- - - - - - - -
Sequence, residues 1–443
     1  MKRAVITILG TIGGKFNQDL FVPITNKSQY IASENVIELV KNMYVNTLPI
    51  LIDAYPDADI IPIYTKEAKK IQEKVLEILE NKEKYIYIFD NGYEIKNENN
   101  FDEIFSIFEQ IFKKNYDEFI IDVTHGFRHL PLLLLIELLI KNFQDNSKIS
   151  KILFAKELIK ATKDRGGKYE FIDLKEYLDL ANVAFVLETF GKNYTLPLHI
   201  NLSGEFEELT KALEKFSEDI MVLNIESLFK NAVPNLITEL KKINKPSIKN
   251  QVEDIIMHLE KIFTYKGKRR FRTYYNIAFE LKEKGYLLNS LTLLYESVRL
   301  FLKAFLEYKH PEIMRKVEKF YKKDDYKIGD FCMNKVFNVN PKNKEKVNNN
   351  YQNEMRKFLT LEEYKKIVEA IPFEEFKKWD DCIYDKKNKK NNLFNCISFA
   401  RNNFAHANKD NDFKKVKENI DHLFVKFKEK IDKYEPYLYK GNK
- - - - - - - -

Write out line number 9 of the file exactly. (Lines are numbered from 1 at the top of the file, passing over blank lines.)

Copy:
   351  YQNEMRKFLT LEEYKKIVEA IPFEEFKKWD DCIYDKKNKK NNLFNCISFA